The Business of

Tourism: Water Skiing in Winter Haven

100 Years Later, the Impact of Water-Skiing Continues

By Mark Jackson

It grew from one man’s dream on a Minnesota lake to a Hollywood darling, from a pastime to a sport, and changed the economic landscape of a state half a nation away. Entwined like roses, the story of water-skiing must include not only Florida’s first theme park, but the lasting impact the sport continues to have on the Sunshine State and the nation, even 100 years after its birth.

The sport of water-skiing started when a young thrill-seeker, Ralph Samuelson, decided he wanted to skitter across Lake Pepin on skis instead of the then-standard board. After days of trial and error, all young Samuelson had gained was a crowd from Lake City who watched his efforts while safe and dry on shore.

But not so far away that he couldn’t hear them.

The mocking stopped on July 2, 1922, when Samuelson glided across the lake, upright on his skis. When he got to shore, the crowd gathered around him, begging him to teach them how to do it. And thus, after nearly a week of trial and error, a new pastime was born.

It was almost 25 years later when Dick Pope Sr. returned home after serving the nation during World War II and learned that his wife, Julie, had added a water-ski show to their lakeside botanical theme park, Cypress Gardens.

Pope not only embraced the idea but doubled down on it. Using cutting-edge technology, Pope created newsreels featuring the daredevils of Cypress Gardens. In no time, Winter Haven was “the water sports center of the United States” with Lake Eloise becoming the equivalent of the sport’s Lambeau Field or Fenway Park.

Developed into a competitive sport just a few years earlier, and boosted through Pope’s marketing, water-skiing brought international attention to both the sport and the theme park. This attention, in turn, fueled greater levels of competition and improved the skill of the competitors. The stunts got bigger, the speeds faster and the distances longer. Innovations included human pyramids, clowns, titanic ski jumps and crafty inventions, such as Willa Cook’s swivel ski.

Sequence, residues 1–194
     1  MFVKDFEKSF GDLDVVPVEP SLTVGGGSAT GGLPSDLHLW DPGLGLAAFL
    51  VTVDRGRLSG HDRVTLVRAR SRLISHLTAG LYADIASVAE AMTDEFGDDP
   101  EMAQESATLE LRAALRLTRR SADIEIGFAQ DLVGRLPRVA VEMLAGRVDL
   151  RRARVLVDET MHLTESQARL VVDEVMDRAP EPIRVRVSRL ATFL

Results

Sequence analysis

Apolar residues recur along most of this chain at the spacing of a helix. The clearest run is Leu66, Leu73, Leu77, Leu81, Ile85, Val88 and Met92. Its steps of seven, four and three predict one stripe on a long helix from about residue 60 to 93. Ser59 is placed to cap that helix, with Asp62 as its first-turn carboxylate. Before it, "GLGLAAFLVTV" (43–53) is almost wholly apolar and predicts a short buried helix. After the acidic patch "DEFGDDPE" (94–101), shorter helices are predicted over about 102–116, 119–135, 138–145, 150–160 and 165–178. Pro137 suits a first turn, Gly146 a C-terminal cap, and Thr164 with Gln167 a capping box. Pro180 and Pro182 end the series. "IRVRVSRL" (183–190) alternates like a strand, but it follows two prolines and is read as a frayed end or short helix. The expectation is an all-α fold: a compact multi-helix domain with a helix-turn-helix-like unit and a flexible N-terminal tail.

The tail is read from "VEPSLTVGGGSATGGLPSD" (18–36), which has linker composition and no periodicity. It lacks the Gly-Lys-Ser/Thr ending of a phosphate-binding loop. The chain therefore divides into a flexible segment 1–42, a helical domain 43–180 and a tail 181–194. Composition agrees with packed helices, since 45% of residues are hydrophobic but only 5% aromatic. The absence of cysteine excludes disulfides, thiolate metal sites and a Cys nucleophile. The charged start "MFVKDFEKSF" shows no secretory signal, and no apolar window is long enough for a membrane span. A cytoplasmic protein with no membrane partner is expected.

All the activity soon caught the eye of Hollywood and was captured in the 1953 Esther Williams movie Easy to Love, filmed at Cypress Gardens and featuring the sport’s stunts and performers. As the years passed, television often used Cypress Gardens as a backdrop – and world-famous celebrities took to the water during the massive water-ski spectacles.

In short, when partnered with the Popes’ ceaseless and inventive marketing campaigns, water-skiing and Florida tourism came of age together. Intertwined, they transformed the image of the Sunshine State from the marshes, swamps, and cowboys of yesterday to the playground for sun and fun of today.

The relationship continues. In Florida, as we approach the sport’s July 2 centennial celebration, water-skiers still perform on Lake Eloise, where Cypress Gardens was replaced by LEGOLAND Florida 10 years ago. While the original theme park might be gone, tourism is the number one industry in the Sunshine State, cementing Pope’s legacy.

As for water-skiing, today it constitutes a healthy portion of an estimated $42 billion industry, according to the National Marine Manufacturers Association. We like to think we get more than our fair share of that business here in Central Florida’s Polk County, where we’re blessed with more than 500 lakes ringed with restaurants featuring dockside dining as well as water-ski schools staffed by those same Cypress Gardens water-skiers of lore.

Polk County will highlight the unique marriage of Pope’s legacy and the sport during the upcoming yearlong centennial celebration of the creation of water-skiing. At least 10 different sanctioned water-ski events featuring every discipline known in the sport will take place in Polk County this year, including the July 2 Water Ski Extravaganza by the Cypress Gardens Water Ski Team on Lake Silver in Winter Haven.

The events culminate in the Oct. 22-23 International Waterski and Wakeboard Federation’s World Water Ski Show Tournament, also on Lake Silver. Held every two years, the event features the best show ski teams in the world, who gather to perform one-hour spectaculars that combine entertainment with world-class athletics. The USA Water Ski Show Team has won the team title at each annual event. Other teams expected to participate include Belgium, Canada, Germany, Australia, China, and Mexico.

Bringing the event to Polk County was a joint effort between the Cypress Gardens Water Ski Team and Polk County Tourism and Sports Marketing. It was only right that they would bring the biennial world championships to the Water Ski Capital of the World. Assistance from USA Water Ski and Wake Sports, the national governing body of organized water-skiing and wakeboarding in the United States, was also instrumental.

New disciplines and techniques continue to evolve from the old. Thanks to advances in technology, the sport is far more accessible today than ever. Cable parks – think of ski gondolas without the gondolas – have opened the doors to the boatless. Other advances have made the sport a favorite among people with disabilities, including blind surfer, wakeboarder, water-skiier and Ironman competitor Scott Leason.

And who knows — perhaps someone in the crowd, watching an athlete glide across Lake Silver, will start to dream. What are dreams if not the inspiration for innovation? Central Florida’s Polk County welcomes the world to join us in celebrating the 100th anniversary of the sport that defines the Sunshine State: water-skiing.

Mark Jackson is the director of Polk County Tourism and Sports Marketing. A former professional water-skier at Cypress Gardens, he continues to contribute to the sport as a color commentator on numerous broadcasts

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